Anonymous August 21, 2018 - 6:10 am

Lived in Linden Houses (projects) 1957 till 1972ish.
Went to PS 190
George Gershwin JUS
Thomas Jefferson HS
Walked to the New Lots Library
Was in awe of the Dutch cemetery with the names of our streets.
Frequently walked to Fortunoff’s and the Biltmore.
Loved every minute of that neighborhood. The good the bad and the ugly.
Shaped me into the person I am today…strong, independent, tolerant and sentimental

Anonymous August 22, 2018 - 3:41 pm


Edna Butler Demato August 21, 2018 - 8:14 am

WOW! Great history. Young years (1934-1948) on Shepherd Ave. between New Lots an’ Dumont Aves. Went to St. Gabriel’s. Later (1964-1970) on Linwood St. across from that IRT “car barn”. Went to (“older” wooden lil’ church) St. Gabriel’s on New Lots Ave. (Torn down for new church/school complex). Was told Peter Styuvesant was also buried at that lil’ Dutch Church. Thank you for all of this! 08-21-2018

Howard Becker October 12, 2019 - 5:08 am

lived on Junius between Livonia and Riverdale where the New Lots and Canarsie lines intersected. There was a pedestrian bridge that crossed over the freight train yard which was our cobble stone playground. When we could we would walk to Nanny Goat park and later to the Brownsville Boys Club. NYC took over the BBC and it became the Brownsville Recreation Center. I have a lot of mostly good memories about the BRC.

Marsha Kimmelman January 12, 2022 - 5:43 am

Hello Howard Becker,

Just read your note about Brooklyn, I attended the Brownsville Boys Club Day Camp for several years. A friend and I, when we lived on Powell Street near Junius Street, frequented the movie theatre under the train Trestle on Livonia Ave.. Had some terrific times buying popcorn, a drink and “Good and Plenty”. We enjoyed walking to the
theatre and back. Life was so good back then. Great movies, main feature, News about the world and of course, those Cartoons. You were a rich girl when you had a
quarter for a whole day’s entertainment. I saved my pennies and nickels ” for a long time so as to not spend them frivolously. Attended P.S, 184 and also for a short time, P.S. 109.

You also mentioned Nanny Goat Park; my very first introduction to the “Monkey Bars” was at that park. My older brother took me to the park so that I would have a fun
time.; I can still remember the (concrete) water fountain. We lived just a few minutes away. I believe they also had a wading pool for the kids in the summer time.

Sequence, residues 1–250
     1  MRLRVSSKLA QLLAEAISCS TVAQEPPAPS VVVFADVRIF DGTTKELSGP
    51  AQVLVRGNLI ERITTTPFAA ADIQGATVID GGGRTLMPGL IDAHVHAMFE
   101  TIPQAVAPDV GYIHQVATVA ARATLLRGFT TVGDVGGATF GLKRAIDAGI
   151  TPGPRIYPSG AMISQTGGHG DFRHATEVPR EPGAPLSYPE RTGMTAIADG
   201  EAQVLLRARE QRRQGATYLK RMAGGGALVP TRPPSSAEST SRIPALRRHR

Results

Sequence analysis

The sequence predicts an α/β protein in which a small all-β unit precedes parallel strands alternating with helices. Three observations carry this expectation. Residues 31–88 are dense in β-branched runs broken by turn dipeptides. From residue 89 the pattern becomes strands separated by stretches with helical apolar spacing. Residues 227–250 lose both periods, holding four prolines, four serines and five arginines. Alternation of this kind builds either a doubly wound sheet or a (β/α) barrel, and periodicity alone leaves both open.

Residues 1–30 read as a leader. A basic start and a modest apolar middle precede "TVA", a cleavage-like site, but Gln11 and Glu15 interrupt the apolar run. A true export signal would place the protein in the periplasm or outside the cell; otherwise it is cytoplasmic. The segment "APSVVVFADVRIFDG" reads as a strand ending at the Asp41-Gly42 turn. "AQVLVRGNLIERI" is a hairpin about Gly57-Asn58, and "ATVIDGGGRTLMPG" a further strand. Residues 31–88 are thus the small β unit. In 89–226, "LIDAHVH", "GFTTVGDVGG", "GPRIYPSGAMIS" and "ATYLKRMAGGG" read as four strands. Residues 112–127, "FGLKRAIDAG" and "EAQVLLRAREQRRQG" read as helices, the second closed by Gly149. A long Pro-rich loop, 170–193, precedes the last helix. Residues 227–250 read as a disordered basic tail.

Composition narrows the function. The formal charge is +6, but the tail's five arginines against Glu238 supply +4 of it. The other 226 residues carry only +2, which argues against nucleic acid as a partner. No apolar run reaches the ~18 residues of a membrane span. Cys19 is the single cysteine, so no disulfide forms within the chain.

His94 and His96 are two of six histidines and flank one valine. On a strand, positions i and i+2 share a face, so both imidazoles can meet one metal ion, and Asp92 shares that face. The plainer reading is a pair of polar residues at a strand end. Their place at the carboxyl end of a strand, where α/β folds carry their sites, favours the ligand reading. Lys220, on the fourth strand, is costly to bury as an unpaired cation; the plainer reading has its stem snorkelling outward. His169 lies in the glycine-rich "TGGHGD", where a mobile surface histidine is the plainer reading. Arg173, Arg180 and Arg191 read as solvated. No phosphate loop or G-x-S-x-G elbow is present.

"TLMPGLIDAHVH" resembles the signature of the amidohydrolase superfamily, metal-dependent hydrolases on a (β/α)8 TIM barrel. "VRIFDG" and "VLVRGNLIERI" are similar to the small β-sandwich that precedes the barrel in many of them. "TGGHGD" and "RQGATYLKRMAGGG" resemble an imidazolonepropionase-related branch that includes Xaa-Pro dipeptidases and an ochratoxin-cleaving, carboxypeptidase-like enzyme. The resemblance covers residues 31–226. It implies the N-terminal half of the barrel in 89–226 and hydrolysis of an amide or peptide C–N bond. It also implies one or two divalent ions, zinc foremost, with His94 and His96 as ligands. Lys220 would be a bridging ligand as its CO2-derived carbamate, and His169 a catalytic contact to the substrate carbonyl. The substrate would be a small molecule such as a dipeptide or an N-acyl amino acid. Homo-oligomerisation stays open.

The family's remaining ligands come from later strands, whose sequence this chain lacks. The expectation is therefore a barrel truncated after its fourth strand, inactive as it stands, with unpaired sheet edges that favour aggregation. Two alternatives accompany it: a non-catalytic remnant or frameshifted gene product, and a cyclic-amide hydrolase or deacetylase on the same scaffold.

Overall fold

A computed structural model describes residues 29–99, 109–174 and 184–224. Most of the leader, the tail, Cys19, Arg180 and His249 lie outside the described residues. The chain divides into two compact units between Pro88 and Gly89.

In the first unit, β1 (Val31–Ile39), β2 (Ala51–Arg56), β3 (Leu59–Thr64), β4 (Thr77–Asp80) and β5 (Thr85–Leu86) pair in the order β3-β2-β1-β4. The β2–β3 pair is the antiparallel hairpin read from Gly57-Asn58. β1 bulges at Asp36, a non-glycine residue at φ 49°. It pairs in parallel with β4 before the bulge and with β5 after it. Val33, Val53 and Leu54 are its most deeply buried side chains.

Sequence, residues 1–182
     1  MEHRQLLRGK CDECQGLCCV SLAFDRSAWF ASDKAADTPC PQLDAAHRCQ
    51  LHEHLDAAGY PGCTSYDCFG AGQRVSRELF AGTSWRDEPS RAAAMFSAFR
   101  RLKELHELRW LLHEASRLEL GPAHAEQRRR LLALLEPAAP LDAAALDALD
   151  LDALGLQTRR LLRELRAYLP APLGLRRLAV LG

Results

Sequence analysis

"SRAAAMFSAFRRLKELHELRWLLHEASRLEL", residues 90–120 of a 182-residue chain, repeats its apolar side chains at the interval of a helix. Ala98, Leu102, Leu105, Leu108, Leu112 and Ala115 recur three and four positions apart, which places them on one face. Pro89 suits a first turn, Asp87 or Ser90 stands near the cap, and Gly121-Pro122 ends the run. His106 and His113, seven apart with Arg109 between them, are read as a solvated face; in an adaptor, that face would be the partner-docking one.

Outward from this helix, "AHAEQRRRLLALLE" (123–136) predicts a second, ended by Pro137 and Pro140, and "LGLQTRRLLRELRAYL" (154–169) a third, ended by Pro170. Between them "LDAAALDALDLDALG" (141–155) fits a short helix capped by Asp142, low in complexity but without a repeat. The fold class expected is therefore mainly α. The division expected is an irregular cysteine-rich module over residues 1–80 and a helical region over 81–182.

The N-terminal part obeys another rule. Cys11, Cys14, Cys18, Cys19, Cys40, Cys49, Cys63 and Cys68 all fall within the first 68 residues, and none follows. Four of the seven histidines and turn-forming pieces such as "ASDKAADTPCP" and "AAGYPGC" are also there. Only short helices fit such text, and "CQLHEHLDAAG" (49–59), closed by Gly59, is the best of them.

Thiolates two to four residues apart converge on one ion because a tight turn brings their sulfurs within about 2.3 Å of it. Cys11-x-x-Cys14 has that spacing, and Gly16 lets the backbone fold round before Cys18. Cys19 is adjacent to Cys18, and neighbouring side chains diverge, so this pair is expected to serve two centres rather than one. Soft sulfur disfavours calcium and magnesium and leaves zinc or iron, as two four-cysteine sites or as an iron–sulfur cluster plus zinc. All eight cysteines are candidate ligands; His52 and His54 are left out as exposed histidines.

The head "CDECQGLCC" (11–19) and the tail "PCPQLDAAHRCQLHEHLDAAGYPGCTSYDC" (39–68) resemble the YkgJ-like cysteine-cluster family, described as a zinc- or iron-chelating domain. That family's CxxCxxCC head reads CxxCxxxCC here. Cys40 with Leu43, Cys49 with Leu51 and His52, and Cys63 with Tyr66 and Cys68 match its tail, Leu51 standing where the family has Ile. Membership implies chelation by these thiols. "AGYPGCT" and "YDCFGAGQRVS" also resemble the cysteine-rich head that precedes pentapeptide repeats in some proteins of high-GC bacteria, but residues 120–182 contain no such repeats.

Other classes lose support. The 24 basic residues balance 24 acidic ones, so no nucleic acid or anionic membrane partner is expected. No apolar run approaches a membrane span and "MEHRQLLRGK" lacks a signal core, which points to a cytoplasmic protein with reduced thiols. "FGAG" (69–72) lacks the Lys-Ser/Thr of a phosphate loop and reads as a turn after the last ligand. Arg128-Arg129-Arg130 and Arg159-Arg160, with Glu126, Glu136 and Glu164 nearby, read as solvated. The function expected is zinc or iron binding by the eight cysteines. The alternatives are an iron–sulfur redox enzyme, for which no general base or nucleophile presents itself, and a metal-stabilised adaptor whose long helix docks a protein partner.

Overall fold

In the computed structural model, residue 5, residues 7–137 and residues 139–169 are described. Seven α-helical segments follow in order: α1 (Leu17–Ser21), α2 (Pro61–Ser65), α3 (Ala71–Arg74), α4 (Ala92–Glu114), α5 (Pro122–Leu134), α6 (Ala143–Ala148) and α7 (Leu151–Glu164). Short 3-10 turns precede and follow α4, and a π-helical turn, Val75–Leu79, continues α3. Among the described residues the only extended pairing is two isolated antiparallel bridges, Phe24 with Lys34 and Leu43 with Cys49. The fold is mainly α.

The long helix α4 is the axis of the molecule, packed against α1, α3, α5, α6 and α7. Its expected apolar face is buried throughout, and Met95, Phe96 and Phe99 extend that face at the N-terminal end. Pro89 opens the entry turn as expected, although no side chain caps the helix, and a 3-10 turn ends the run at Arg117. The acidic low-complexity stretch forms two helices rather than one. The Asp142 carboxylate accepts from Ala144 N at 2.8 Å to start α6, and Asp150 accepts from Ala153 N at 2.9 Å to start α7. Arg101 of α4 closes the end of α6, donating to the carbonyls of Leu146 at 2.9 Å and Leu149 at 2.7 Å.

Thanks for the reminiscence. Be well and wish you a good and healthy New year,

Marsha Kimmelman

Len Dinkin August 21, 2018 - 9:39 am

I lived on Bradford Street between Livonia Avenue and Dumont Avenue, about half way “up the block” as we used to say in those days. The sounds of the subway were the background music of my daily existence. My stop was Van Siclen Avenue – there was no “k” in the spelling of the subway stop, nor on the street signs.

Judith Edelstein August 21, 2018 - 5:22 pm

Great research. I grew up on the corner of Pennsylvania and Riverdale and worked at Fortunoff’s for a couple of years. We didn’t move until 1967 after most of the Jewish families had already made alliyah to the suburbs.

Carol fronstin August 21, 2018 - 8:18 pm

Fortunoffs first store was on E98 st & Newport. I was a little girl & Max would stand in the doorway & wave to me.

Saul Flance August 22, 2018 - 1:53 pm

I lived on Van Sicklen ave between New Lots and Livonia the van Sicklen stop was on my corner

H. Hirsch August 22, 2018 - 4:22 pm

I lived at 579 Schenck Ave about 100 ft. from the el. Used to attend Boy Scout meetings at the church and then run through the cemetery checking out the names of the dearly departed. I got my first library card the day the new library opened.

V. Rubin August 23, 2018 - 10:54 pm

I grew up in the Boulevard Houses, went to PS 273, Gershwin & Jefferson in the 50’s to 1964. We always heard that there was going to be a park on the landfill at the Belt Parkway & Pennsylvania but it never happened. Interesting to read that it is being built now.